For Selenium with Python and POM

You have the same helpful to work with files called page objects. These files contain all the necessary methods that you need to interact with your app. And you also have the base page file, which has methods and selectors that repeat on almost all pages.

Here is an example of a base page file

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Now the cool part about this file is that you can use inheritance principle from OOP and you can have other page objects inherit these methods. So now you avoid repeating code.

Also a benefit is that methods of the same class can be combined and create actions that may require multiple steps and in the end in your test you will only use a method that will be easy to understand (for example product.proceed_to_checkout()). These give you the power to have less code in tests and more complex logic in page objects.

For Cypress with Javascript

You have commands.js file where you can create your own custom commands that you can later use in your tests. Its similar to methods in page object but they do not need to be part of a class. They are just async functions. Even more you can have folders and files with different names, grouped as you see fit for your project. And in the end you just import all of them in commands.js . If at selectors you have one file where you group the selectors , here at methods you can have folders and files grouped as you see fit. And once you need one of these functions/commands to use in your test, you don't even need to handle the import because Cypress does that for you and all you have to write in test is cy.nameOfYourMagicCommand() .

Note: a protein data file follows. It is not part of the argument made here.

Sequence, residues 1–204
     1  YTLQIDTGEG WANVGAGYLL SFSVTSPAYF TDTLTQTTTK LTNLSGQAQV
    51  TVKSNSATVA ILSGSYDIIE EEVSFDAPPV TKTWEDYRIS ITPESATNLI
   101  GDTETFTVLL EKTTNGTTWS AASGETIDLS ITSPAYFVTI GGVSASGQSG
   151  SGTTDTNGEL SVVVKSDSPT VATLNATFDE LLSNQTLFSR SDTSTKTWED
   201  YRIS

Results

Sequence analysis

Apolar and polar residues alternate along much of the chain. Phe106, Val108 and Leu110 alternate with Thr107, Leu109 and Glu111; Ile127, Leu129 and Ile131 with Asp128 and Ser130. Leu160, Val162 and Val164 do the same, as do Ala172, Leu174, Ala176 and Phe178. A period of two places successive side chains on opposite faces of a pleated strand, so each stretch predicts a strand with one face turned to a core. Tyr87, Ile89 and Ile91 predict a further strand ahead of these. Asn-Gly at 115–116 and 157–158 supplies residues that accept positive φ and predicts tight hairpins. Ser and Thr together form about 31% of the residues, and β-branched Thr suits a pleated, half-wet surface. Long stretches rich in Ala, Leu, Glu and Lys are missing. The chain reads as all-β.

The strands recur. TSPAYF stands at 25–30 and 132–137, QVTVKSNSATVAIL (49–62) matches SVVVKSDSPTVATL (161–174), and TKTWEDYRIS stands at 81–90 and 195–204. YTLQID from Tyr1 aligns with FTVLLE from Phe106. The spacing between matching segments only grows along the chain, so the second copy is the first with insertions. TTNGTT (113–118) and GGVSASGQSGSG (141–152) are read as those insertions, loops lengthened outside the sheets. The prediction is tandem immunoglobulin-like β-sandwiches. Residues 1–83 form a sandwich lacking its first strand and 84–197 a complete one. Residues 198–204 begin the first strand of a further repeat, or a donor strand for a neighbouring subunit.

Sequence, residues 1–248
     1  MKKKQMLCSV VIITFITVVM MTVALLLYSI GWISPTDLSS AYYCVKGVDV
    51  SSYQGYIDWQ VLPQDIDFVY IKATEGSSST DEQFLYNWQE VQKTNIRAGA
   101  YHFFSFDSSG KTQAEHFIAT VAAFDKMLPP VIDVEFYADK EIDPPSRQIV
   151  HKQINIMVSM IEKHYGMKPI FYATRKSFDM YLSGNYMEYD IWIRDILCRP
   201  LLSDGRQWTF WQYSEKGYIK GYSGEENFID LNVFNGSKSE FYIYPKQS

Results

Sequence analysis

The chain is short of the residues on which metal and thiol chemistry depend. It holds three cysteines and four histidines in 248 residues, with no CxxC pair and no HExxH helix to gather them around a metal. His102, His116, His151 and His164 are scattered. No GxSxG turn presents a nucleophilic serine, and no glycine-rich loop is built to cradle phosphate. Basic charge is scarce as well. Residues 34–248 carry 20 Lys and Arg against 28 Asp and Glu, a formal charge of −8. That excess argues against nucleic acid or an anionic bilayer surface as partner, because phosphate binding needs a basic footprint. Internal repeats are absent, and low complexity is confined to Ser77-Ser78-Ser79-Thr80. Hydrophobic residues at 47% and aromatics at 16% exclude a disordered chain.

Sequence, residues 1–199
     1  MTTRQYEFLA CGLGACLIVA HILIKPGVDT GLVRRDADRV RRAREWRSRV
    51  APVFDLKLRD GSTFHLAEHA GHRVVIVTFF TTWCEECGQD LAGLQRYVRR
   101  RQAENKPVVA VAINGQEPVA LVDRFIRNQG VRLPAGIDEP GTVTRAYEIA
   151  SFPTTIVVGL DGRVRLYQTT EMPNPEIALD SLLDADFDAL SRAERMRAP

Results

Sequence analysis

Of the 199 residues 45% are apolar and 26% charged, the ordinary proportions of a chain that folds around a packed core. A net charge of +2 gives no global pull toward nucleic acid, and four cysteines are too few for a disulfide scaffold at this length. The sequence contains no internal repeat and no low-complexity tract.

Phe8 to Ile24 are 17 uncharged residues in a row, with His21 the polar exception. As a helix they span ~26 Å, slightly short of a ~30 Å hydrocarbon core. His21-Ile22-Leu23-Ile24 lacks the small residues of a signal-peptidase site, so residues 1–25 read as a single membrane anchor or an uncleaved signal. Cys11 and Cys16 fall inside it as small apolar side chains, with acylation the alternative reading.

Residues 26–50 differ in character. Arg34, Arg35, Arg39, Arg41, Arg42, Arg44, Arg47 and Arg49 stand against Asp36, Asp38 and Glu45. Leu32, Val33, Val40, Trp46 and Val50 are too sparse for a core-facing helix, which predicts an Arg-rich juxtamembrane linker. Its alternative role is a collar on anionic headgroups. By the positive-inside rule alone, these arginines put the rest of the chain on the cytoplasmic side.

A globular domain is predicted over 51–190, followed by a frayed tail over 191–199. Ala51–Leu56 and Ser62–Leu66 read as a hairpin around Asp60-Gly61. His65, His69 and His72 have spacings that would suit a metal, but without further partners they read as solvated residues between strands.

These commands can also take arguments, for example if you want to pass in test data.

Because of so many useful and easy to read built-in command of Cypress, I rarely need custom commands, but I will soon write an article only about cypress commands so you can see as examples.

And this is it. Direct comparison between Cypress with Javascript and Selenium with Python (including Page Object Model as design). I think the best way to look at it is with an open mind, and try and experiment what works best for you and your project.

Hit the clap button if you found this useful. Or even buy me a coffee if you want to motivate me even more.